) how to work with wood. He preferred to use rabbet joints and dados instead of nails. He also liked using pegs. Some of the furniture he built is still around,. He built me a desk for my birthday one year... the drawers will still slide out with the slight touch of a finger. The top he finished over a week, and to this day it has experienced several different types of epoxy, drops of solder, the edge of many a knife, and general abuse under my hand. I can wipe it down and it still shines. He built a coffee table with two drawers. 35 years later, it is sitting in my house, just as sturdy and strong and yet stylish as it was when he built it out of rough-cut lumber. The stereo cabinet he built was recently given to my sister. The turntable still plays and the speakers still have the same rich, warm sound they had way back when (to date the thing, he added an 8-track player a few years after he built it; they were becoming popular). He did veneer that one unit, because he liked the sound the presswood gave the speakers. The veneer is still holding tight, so tight I dare anyone to guess that is not red oak.


He knew how to work with the wood, and how it would react to years of use. And he knew how to make that wood work together rather than pulling apart. He used to say any monkey could nail boards together; it took a carpenter to make it stay without nails.

I just remembered too, there used to be a show that came on PBS around here called The Woodwright's Shop. It is all about using the old hand tools to make things you would not believe were possible. The host has no power in his shop; even the lights are oil lamps if I remember correctly. I have wished it was still on, but I have also heard rumors it does still air in certain areas. If anyone gets it, and is interested in really learning how to be a master wood craftsman, that dude is awesome! I highly recommend the show!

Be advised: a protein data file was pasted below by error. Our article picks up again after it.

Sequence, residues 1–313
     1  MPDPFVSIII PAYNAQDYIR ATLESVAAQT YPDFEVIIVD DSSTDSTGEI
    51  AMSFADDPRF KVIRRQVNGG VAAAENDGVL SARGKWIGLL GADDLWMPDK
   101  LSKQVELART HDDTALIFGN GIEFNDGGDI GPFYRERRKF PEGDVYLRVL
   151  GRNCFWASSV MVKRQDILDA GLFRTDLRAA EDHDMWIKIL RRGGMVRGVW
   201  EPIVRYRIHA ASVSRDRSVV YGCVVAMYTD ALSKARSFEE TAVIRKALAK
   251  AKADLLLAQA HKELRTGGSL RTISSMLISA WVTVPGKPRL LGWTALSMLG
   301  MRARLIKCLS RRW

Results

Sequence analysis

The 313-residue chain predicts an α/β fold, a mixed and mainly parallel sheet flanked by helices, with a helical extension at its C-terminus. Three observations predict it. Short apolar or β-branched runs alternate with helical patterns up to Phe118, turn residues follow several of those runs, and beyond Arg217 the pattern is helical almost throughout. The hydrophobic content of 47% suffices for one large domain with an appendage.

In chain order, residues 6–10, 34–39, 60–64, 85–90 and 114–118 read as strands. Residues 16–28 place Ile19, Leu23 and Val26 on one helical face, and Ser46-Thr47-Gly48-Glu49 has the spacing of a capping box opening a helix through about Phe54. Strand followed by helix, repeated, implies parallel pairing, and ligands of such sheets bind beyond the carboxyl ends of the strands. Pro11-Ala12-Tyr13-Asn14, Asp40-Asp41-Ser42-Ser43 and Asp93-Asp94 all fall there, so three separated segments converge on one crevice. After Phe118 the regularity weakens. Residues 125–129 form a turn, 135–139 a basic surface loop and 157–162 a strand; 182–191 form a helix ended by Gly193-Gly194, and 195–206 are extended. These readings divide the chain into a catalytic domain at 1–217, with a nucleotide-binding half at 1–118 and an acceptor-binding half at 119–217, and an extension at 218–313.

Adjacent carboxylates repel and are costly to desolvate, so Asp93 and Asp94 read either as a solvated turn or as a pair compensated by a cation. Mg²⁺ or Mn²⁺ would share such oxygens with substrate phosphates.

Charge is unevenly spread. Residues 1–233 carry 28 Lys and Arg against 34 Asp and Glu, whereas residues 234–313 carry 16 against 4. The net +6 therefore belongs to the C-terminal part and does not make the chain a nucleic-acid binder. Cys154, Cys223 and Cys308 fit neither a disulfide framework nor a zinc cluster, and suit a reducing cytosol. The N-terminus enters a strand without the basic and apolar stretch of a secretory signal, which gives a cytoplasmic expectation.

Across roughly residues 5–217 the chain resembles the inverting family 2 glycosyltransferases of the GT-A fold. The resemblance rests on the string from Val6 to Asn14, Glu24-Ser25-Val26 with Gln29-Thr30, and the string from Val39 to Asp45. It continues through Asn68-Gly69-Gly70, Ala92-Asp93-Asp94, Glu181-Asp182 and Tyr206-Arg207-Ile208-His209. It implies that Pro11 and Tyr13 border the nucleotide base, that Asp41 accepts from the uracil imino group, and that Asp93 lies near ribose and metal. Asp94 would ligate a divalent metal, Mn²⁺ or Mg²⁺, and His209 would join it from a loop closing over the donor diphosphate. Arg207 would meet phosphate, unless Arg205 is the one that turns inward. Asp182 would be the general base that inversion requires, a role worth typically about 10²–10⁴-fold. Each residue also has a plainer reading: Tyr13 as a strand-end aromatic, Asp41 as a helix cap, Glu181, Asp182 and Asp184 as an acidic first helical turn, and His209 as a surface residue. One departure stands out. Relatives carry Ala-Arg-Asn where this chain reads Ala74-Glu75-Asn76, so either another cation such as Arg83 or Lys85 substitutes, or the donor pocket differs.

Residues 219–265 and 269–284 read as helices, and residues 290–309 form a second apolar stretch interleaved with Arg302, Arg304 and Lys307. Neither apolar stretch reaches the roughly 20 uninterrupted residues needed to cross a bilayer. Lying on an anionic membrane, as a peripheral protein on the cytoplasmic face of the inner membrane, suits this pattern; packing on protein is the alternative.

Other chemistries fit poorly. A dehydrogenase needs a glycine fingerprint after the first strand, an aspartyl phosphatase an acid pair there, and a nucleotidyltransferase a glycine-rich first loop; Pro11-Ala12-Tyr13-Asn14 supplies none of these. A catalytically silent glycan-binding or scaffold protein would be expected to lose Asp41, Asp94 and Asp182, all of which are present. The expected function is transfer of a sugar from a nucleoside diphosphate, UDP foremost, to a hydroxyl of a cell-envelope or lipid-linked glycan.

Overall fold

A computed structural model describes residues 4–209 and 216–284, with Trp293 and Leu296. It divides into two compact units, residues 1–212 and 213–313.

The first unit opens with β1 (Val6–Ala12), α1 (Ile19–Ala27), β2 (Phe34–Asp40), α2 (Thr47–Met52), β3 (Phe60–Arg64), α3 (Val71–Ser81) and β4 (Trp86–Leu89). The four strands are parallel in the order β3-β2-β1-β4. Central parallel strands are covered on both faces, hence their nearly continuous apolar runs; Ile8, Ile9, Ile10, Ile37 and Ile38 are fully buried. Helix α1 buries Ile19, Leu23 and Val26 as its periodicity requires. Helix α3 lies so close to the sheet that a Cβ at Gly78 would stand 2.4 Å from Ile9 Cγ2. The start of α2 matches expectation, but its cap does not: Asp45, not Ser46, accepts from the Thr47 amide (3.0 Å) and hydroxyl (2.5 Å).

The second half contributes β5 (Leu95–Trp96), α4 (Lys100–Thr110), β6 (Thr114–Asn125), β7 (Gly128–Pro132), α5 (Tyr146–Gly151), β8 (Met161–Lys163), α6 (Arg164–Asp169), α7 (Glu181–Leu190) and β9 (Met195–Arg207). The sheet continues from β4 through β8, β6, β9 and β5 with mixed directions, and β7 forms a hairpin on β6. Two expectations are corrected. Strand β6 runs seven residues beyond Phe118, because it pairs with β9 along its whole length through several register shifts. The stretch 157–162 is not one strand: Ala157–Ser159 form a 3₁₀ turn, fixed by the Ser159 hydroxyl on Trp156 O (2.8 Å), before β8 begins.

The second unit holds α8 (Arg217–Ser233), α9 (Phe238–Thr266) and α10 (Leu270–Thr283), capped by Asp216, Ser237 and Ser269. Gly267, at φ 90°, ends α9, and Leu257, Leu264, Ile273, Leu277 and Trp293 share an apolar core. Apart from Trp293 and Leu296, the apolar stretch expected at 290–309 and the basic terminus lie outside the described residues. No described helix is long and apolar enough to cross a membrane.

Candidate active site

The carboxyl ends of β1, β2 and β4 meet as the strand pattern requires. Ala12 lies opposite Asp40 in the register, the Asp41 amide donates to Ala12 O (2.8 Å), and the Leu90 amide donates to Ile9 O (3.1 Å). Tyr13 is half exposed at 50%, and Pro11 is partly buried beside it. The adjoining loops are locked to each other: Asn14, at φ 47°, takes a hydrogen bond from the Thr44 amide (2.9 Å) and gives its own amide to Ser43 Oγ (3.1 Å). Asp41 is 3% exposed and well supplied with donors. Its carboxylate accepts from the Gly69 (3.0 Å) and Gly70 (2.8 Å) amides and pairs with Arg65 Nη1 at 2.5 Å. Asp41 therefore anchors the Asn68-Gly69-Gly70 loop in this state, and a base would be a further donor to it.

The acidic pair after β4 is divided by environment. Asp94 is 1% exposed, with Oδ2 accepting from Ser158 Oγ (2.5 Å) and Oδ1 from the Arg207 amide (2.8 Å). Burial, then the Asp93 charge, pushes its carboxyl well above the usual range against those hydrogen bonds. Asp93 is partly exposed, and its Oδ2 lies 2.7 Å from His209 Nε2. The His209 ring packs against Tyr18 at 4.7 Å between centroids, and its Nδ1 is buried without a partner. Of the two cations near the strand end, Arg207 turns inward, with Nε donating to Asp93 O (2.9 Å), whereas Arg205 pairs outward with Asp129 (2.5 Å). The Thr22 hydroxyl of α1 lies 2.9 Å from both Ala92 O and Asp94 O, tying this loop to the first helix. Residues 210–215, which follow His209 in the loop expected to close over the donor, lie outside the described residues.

TheRedneck



posted on Sep, 1 2009 @ 09:28 PM
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reply to post by cnichols
 


I think we should put down how long it takes to make something. If things are made with good quality and made to last we should pay for them accordingly.

Kids clothes maybe should be made less expensively since styles change and hand me downs never seem the best solution and kids grow so fast.

some things should just be disposable but so many things should be quality and durable. But it seems like we go to extremes from Louis XIV inlaid mother of pearl snuff boxes to paper napkins.

If I need or want something that I think I'll keep for more than 5 years, I'm willing to pay for the materials and hours at fair wage and 10% more for creativity and convenience.

And I'd like it in return for what I do - I think.



posted on Sep, 1 2009 @ 09:30 PM
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reply to post by hardamber
 



GOATS - I LOVE GOATS we should all have goats in our neighborhood somewhere. Great cheese
And no green waste pile up - auto fertilizer!



posted on Sep, 1 2009 @ 09:35 PM
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Originally posted by Dbriefed
Not into the fishing and hunting thing myself, won't be long before a lake gets fished out with a few hundred survivalists on the shores. Not enough animals in the forest to feed thousands of hunters. Lakes will be fished out and forests will be hunted out well within a year.


actually I'm not so sure about that. fish populations might explode if we don't have access to all the power that we use to deplete and pollute everything.

There is a really interesting show called Life After People on the history channel and they talk about the oceans and how resiliant (sp?) they are. Not that we're talking that kind of scenario.



posted on Sep, 1 2009 @ 09:43 PM
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I am from a large southern family. We already know how to survive if we have to and how to make many things from scratch. From medicinal herbs to raising livestock, hunting, sewing, etc.

I don't believe there is anything we could not do or improvise if needed. I live in a very rural area.



posted on Sep, 1 2009 @ 10:59 PM
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I can break a horse to halter ride and hop in a trailer, fix a saddle - Plan to rebuld several but need more room - have the supplies though.
I can bake bread, churn butter, have made cheese, pickles, canned tomatoes.

But I'm in the city right now so have to buy the materials.